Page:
Three nurses– a new traveler, a veteran traveler and a staff nurse – spoke at Qualivis’ annual Roundtable conference in May 2022. Each brought a unique perspective that illuminated the data outlined in the Mind the Gap research. They spoke to what prompted them to travel – or to remain as a staff nurse – the challenges they face in new assignments and how hospitals can support the mental health of their nursing staff. Here are highlights from the panel.
What prompted you to become a travel nurse?
Zac Shepherd: There’s a point I think anyone asks in their career, “Am I getting back what I’m putting into my career?” With nursing it’s more than just the tasks that you do – it’s the heart and the soul that you put into it.
I saw travel nursing as a way to potentially revive my career, because I felt like, I don’t know if I can keep doing this as is. All of that burnout and exhaustion, what did I have to show for it? About $1.25 more an hour than I did five years prior.
I felt as though traveling was a way for me to potentially empower myself to keep doing something that I was good at.
Melissa Mac: I chose travel nursing because of the flexibility. I value autonomy a whole lot, and my day-to-day decisions working. And choosing where and when I want to work and the lifestyle that follows with it has really made me pursue travel nursing.
It’s been one of the best decisions that I’ve ever made in my nursing career, like on a personal level and professional level. And I’ve learned so many different skills. I’ve seen so many different delivery models of nursing that I wouldn’t have seen in my home-based hospital. And I’m able to bring that experience and skillset from one contract to the other.
Janet, you’ve stayed at one hospital your whole career. What shaped your decision to stay as a core staff nurse?
Janet Tanner: There are things that happen in your life, and you make decisions. I got married very early. I had children very early. And my hospital offered to me a place to work and still be able to manage my life, my wellbeing, the things outside of the hospital. I had four children there and I worked full-time part of those years. But part of those years, I worked PRN. And my hospital allowed me to do that.
They also invested in me professionally. During the pandemic, my job that I was doing just got closed down. And instead of me not having anything to do and get laid off like I heard a lot of hospitals were doing, our CEO and our chief nursing officer said, “You’re going to have a job.” They retrained me to do something else – a site manager.
Maybe that would’ve been a belittling job for an RN, but it became a team member job. I was helping my fellow nurses to protect themselves. And I felt like my hospital invested in us that way as well, because we never ran out of PPE. And so many hospitals did.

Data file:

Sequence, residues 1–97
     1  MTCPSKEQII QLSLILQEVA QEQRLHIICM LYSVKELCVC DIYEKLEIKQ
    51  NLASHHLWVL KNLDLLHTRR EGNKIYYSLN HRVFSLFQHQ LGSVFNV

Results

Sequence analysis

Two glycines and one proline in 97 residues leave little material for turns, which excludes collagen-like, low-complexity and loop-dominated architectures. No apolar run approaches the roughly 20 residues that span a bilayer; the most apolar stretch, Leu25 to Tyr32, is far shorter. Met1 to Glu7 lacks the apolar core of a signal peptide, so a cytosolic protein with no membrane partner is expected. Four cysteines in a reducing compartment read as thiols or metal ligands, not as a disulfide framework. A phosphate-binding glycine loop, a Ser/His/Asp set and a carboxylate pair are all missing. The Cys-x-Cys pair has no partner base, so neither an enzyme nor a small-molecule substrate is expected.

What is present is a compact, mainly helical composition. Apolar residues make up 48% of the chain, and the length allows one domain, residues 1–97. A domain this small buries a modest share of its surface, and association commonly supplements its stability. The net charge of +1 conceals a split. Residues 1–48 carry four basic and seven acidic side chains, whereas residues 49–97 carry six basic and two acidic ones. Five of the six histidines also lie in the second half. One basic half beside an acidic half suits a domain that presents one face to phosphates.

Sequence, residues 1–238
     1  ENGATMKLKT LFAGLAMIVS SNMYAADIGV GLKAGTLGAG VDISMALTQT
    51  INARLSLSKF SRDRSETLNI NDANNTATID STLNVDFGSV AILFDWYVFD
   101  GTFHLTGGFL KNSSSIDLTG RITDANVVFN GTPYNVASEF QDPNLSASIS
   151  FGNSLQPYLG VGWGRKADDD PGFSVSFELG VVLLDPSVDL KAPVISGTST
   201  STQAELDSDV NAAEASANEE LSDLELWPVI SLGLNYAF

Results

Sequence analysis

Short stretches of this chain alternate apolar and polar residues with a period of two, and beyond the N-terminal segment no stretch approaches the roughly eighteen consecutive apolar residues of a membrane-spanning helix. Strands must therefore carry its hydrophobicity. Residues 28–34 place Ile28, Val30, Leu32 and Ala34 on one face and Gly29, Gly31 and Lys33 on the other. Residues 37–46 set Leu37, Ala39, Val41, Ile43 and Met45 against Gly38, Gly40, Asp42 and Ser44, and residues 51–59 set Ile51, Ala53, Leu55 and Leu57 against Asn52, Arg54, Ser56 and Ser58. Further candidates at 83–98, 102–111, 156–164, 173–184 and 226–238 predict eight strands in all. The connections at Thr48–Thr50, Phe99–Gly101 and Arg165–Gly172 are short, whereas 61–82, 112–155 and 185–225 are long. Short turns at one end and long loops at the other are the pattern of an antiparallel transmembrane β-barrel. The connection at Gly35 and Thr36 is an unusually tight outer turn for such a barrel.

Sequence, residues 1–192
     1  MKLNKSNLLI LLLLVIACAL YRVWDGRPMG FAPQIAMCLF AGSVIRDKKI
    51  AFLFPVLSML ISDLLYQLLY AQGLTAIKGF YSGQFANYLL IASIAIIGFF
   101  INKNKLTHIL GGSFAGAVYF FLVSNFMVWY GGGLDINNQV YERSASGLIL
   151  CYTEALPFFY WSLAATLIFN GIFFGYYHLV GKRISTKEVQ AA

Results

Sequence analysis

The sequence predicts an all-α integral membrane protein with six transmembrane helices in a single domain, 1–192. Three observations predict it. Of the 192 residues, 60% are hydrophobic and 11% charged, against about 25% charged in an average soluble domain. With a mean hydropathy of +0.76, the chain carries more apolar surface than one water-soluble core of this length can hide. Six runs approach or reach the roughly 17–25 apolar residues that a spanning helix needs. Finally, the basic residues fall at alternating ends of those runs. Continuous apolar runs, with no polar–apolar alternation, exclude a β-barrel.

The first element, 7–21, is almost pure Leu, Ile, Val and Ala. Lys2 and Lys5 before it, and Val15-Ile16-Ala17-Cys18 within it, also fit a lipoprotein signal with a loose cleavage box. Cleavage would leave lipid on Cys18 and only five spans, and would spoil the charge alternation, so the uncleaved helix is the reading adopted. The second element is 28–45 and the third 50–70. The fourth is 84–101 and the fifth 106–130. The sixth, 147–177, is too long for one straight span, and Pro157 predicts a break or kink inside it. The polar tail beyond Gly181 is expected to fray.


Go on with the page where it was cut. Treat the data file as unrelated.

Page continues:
The fact that they applied site managers to the COVID patients for the nurses said, “We’re investing in you that way, too. We want to protect you on a day-to-day basis, on an hour-to-hour basis by giving you this site manager.”
What has your experience been welcoming travel nurses into your facility? Have there been challenges? Is it smooth sailing?
Janet Tanner: When traveling nurses first started coming to the hospital, they were an anomaly. We were like, “Why would you want to do that and what are you doing?”
But during the pandemic, they were a necessity. We could not have done what we did without them. I think there are times in hospitals where there’s a “them and us” mentality. That changed during the pandemic as well. It became “we” are taking care of these patients. And there was a bonding that was different than any other time I think in history for traveling nurses. The whole pandemic brought us together as nurses.
The challenges for travel nurses: you are the new kid on the block. What we try to do at our hospital [is] treat them like they’re a full-time nurse. So, when we have our nursing activities, they’re invited, they’re given the gifts that we get and they participate in the activities just like a full-time nurse.
But there are things like, they don’t know where the bathroom is. It’s not only they don’t know where they are but they don’t know what the code is. Or they don’t know what the code is to the soiled utility room. Or they don’t know what the code is to the clean utility room.
And those are things that we have tried to work on. There are managers that do that differently than others, but I think our managers have tried to buddy up people together and just offer a helping hand to a traveling nurse and not have them be so much as the enemy, the one that’s making more money than you because you chose to stay.
What are your biggest challenges when starting a new assignment?